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Last Updated Sunday September 17 2017 02:44 AM IST

'Columbia space shuttle accident that killed Kalpana Chawla was a human error'

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'Columbia space shuttle accident that killed Kalpana Chawla was a human error'

New Delhi: The fatal accident involving space shuttle Columbia, carrying seven crew members, including India-born NASA astronaut Kalpana Chawla, was a human error of judgment rather than an engineering failure, former ISRO chairman G Madhavan Nair said Thursday.

Nair said, NASA scientists took the damage to the space shuttle as "trivial", which proved to be a disaster, killing the crew members.

"If you look at what happened, the shuttle vehicle as you know was designed well, but in spite of this it proved to be a catastrophic failure.

"The indication of this was at the right of the launch pad itself. But people took a view that it is not a serious issue and can be managed. This is human error and not an engineering failure," Nair said, while inaugurating ORF's 3rd annual Kalpana Chawla Space Policy Dialouge.

Born in Karnal, Haryana, Chawla died on February 1, 2003 over the southern United States when Space Shuttle Columbia and the crew perished during entry into atmosphere, 16 minutes before the scheduled landing.

At launch, a briefcase-sized piece of insulation had broken off and damaged the thermal protection system of the shuttle's wing, the shield that protects it from heat during re-entry.

As the shuttle passed through the atmosphere, hot gas streaming into the wing caused it to break up. The space ship depressurized, killing the crew in less than a minute.

The crew of seven five men and two women, including Chawla had carried out some 80 experiments during their time in space. The mission was Chawla's second visit to space.

Nair said, if the scientists knew that was already some damage to the space shuttle, they should have anticipated the disaster.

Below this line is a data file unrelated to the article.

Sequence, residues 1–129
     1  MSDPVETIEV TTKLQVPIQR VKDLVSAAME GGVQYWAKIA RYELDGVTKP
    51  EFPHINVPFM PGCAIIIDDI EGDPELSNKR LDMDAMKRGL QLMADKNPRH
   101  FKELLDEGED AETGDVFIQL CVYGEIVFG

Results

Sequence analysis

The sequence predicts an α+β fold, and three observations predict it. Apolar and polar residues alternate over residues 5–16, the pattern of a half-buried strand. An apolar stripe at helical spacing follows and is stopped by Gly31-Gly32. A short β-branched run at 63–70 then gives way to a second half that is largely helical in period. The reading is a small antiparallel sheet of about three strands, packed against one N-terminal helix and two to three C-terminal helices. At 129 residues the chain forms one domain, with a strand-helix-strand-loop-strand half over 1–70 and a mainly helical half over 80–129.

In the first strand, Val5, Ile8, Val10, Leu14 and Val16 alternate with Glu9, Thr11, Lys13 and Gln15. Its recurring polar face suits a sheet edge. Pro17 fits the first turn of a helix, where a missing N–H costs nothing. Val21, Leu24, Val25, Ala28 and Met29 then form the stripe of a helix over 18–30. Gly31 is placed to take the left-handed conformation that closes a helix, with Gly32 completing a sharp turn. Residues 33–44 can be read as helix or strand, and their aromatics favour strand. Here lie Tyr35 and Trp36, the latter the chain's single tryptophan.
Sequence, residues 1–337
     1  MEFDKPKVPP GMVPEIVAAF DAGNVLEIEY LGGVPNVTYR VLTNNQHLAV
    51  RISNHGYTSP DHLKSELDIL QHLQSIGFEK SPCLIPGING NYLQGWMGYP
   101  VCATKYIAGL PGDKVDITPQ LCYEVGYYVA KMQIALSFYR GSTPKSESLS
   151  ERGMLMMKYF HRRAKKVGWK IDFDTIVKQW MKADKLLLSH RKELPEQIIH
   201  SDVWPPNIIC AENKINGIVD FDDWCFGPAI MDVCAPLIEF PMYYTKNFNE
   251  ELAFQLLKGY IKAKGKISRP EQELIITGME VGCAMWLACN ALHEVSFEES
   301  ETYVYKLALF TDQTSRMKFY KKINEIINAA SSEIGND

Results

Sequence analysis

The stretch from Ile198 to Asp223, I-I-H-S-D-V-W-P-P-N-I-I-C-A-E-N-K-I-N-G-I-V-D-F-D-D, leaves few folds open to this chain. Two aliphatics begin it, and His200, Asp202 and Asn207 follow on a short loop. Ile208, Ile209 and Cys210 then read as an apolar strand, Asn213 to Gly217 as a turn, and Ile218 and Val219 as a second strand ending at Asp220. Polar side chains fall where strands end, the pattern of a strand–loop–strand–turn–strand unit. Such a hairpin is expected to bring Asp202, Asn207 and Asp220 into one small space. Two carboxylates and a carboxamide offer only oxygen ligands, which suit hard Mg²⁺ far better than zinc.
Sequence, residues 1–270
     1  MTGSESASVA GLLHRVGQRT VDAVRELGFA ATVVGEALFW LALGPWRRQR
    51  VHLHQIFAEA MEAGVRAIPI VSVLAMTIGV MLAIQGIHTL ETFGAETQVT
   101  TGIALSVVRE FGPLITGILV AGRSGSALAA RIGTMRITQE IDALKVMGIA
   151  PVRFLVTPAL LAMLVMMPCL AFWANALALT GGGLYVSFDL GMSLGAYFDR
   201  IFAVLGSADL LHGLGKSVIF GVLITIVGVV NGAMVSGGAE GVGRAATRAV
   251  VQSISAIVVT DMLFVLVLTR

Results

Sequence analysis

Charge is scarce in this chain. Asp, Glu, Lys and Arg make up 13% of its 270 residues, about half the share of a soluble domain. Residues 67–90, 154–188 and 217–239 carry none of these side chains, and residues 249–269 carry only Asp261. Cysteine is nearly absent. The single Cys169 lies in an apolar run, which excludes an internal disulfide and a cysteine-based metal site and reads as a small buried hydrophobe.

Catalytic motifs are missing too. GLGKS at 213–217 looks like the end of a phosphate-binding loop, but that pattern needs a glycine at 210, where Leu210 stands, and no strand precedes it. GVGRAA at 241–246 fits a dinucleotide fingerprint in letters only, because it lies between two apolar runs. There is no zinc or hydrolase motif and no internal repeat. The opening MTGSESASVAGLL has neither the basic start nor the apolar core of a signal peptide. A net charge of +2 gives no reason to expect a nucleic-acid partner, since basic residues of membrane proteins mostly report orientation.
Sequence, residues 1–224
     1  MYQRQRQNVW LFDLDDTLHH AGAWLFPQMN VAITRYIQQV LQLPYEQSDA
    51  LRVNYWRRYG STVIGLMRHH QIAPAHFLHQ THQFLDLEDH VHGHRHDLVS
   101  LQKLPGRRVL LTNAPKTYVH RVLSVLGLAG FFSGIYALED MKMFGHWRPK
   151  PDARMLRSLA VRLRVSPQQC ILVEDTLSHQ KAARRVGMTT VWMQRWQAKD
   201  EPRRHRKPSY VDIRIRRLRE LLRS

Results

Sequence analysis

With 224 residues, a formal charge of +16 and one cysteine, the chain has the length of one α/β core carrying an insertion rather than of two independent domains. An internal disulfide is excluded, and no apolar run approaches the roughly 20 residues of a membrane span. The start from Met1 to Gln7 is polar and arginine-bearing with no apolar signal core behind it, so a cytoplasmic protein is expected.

"But they took that as a trivial incident and brushed it aside," Nair said.

In the honor of Chawla, ISRO also launched Kalpana-1 meteorological satellite.

He said, in a passenger aircraft, "it is the human element which leads to failure and wrong judgments

The former ISRO chairman also narrated an incident of an error of judgment and failure of a mission while he was with the space agency.

Learning from Columbia's disaster, Nair said when ISRO decided on its Manned Mission, the first thing that came to scientists' mind was how to rescue the crew members in case of an accident.

He said studies are on for crew escape mechanism in case of an accident, but this will take some time.

Incumbent ISRO chairman A. Kiran Kumar had recently said that the manned-mission is not a priority.

He said while achieving a record-feat of launching 104 satellites, ISRO satellites planned the missions months before the launch to ensure that the nano satellites don't collide with each other.

He said, ISRO has effectively learned from its failure in the past to come up with a robust missions.

Nair also batted for a aerospace development agency integrating the space and aeronautic industry and effective means to deal with space debris.

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